Does Homeowners Insurance Cover Damage from Wild Animals?

Does Homeowners Insurance Cover Damage from Wild Animals?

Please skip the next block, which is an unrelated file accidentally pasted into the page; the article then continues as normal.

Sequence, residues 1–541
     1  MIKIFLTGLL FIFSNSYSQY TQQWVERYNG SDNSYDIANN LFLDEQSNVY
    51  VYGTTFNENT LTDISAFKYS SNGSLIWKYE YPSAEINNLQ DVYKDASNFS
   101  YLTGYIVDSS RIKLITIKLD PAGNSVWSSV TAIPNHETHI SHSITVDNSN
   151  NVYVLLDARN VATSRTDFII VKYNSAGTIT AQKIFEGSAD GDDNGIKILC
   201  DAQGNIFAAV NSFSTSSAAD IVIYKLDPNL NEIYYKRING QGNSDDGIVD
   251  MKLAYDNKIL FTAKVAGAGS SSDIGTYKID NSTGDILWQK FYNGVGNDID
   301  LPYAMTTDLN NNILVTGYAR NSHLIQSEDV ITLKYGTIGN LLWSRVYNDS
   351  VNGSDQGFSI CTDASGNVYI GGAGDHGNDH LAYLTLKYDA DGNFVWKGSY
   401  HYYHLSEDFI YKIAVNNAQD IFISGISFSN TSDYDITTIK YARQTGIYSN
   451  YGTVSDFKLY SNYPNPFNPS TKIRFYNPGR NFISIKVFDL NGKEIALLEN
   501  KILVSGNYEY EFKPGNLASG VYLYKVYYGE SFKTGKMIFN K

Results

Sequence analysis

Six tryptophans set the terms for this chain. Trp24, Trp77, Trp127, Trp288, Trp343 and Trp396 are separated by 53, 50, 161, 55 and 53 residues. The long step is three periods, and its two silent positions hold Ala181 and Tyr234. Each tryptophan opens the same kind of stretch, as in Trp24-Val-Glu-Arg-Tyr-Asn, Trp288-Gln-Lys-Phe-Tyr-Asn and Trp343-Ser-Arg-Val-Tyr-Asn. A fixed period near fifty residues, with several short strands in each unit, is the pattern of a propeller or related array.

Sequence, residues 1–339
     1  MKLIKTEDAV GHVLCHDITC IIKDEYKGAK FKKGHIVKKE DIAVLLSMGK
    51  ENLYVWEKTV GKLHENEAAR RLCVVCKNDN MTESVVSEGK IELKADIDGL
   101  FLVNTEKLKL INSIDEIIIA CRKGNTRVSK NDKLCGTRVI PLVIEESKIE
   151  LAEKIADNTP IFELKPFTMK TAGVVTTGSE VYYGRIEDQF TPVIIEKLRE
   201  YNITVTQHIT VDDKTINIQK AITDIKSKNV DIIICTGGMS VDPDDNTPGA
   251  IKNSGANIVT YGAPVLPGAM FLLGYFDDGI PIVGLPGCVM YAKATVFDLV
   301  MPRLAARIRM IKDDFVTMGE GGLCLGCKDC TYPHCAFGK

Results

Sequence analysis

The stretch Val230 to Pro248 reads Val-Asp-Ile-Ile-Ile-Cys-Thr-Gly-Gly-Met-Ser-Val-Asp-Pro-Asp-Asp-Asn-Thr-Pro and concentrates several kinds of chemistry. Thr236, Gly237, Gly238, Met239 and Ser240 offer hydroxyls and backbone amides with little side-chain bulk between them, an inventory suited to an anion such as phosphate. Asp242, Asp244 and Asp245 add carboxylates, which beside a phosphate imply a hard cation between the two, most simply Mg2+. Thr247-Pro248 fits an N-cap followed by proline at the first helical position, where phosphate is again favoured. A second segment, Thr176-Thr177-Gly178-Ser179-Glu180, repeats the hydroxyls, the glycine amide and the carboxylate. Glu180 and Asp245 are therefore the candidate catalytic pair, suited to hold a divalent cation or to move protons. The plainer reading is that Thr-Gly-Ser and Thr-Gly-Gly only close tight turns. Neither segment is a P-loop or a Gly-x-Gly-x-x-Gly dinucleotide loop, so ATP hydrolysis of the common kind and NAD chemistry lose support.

If you own a home in an area that’s a little outside of town, near mountains or a forest perhaps, you’re probably aware that wild animals pose an issue. You’re probably also aware that the damage these wild critters can cause your home can be considerable. For example, people living near mountains as well as state and national parks in Southern California have to be on the lookout for bears during certain months of the year. Bears looking for food have been known to rip open flimsy garage doors or smash their way through screens and sliders with ease. It may seem far-fetched, but in some areas, it happens almost every year. When and if a home incurs damage from a wild animal, many home insurance policies will cover the damages so long as the animal isn’t a rodent (rats and mice). Therefore, if an animal such as an opossum, raccoon, bird, bear or mountain lion damages your home, your homeowners insurance policy may cover the damages. For a home insurance policy to cover damage caused by a wild animal, it’s important that the damage stems from a single, identifiable event. If the damage accrues slowly over a period of time in which something could have conceivably been done to mitigate the damage, homeowners insurance probably won’t cover it. It’s good to keep in mind that while many home insurance policies do cover damages from wild animals, not all of them will. If you live in an area that’s known to have wild animals come through from time-to-time, it would be wise to consult your insurance agent about whether or not...